After we finished our miniature golf game, we went to Wal-Mart to try to find a DVD of So I Married An Axe Murderer, which Kurt wanted to give to Mom and Lary because of Mike Myers' Scottish character in the movie. We had no luck whatsoever. Maybe he can order it for them on Amazon or something.

When the fruitless search of the DVD bargain bin was complete, we went back to Mom's condo so the brothers and Rachel could hit the pool. I didn't bring a swim suit, and I really didn't want to go out and get sweaty and have to take another shower. Instead, I watched some of the Live Earth concert from London. I got the amount of preachiness I expected. Oh, boy. Duran Duran. Red Hot Chili Peppers. Wow. I ended up scrolling through the other stuff that was on until I came to the music channels, and then quickly gravitated to the Americana channel. After a while, the brothers and Rachel came back in and it was time to start getting ready for the wedding dinner, which was taking place before the wedding at 4:30. We all got dressed up in our suits, and Rachel brought her dress with her to change into at the church.

The wedding dinner was okay, but since it was a cash bar, the drink prices were ridiculous. I ended up paying $3.50 for a virgin strawberry lemonade, and the beers that the brothers were quaffing were $7.00 apiece. I told Kurt that I could have bought a whole six-pack of the same beer for that amount. I had a steak and baked potato; I skipped the salad bar, noting that I'd had two salads the day before.

Mom and Lary were fashionably late. Once they arrived, Lary went around the tables and introduced everyone... Except for his own 91-year-old father, Clifford, who he forgot until the very end. After dinner, we all went to the church. At that point, chaos set in. First of all, a number of people had already arrived and seated themselves. Second, Lary had the wedding programs and he hadn't yet arrived. When he finally did arrive and give them to us to pass out, we went into the sanctuary and gave everyone one, then went back out as a human wave arrived. There was no way we could escort everyone to a particular seat, or the wedding wouldn't have started until 8:00. So we stood at the front-side door where everyone was entering (rather than the back of the church where everyone was supposed to enter) and gave everyone a program and let them seat themselves. In the end, nobody was dissatisfied with this arrangement. Then we had to have boutonnières put on our jackets at the last minute, and we went and sat in the front row for the wedding itself.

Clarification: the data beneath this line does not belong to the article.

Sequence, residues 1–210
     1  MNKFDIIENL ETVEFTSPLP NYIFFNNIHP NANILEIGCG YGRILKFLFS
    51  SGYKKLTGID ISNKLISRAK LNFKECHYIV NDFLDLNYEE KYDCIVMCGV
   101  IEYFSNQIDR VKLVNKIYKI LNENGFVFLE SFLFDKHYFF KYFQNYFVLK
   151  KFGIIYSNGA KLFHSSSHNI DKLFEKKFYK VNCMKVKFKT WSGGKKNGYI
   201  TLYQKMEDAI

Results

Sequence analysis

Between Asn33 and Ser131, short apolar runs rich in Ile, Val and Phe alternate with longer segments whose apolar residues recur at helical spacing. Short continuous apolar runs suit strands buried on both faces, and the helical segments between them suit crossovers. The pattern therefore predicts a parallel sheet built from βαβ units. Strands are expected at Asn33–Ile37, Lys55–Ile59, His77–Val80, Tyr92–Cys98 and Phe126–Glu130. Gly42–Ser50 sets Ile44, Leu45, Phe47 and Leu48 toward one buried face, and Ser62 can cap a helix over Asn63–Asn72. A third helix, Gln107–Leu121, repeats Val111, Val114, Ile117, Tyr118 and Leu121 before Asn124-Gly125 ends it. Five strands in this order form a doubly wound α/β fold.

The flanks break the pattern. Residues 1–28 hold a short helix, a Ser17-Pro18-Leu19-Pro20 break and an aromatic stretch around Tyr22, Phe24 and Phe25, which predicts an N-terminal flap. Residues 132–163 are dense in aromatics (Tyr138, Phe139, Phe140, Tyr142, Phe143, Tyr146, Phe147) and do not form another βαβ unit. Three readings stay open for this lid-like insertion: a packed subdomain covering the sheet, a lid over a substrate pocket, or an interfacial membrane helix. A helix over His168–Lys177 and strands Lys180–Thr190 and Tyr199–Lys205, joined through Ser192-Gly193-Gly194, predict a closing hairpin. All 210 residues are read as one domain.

It was a beautiful ceremony. Mom was absolutely radiant in a yellow dress. Lary was in full Scottish kit, as was John, his best man. Rachel wore a very pretty blue dress. They said their vows and exchanged rings, kissed and then followed the bagpiper down the center aisle of the church and then around and back up the side aisle to the front-side door. Then we all went downstairs for hors d'oeuvres and wedding cake.

Karl, the musician, made a beeline for the piano, where he played intensely for about fifteen or twenty minutes. How intensely? Well, he worked up a sweat. He didn't seem pleased with the quality of the piano, but he made it sound about as good as it was going to. Finally, Mom and Lary cut the cake, and after they shared some, then the rest of us got some, too. We stayed a while longer, then we all congratulated the newly-married couple and said our goodbyes, since we were leaving early the next morning. We then went back to the condo and to bed. I slept better since we figured out during the afternoon how to disable the grandfather clock's chimes.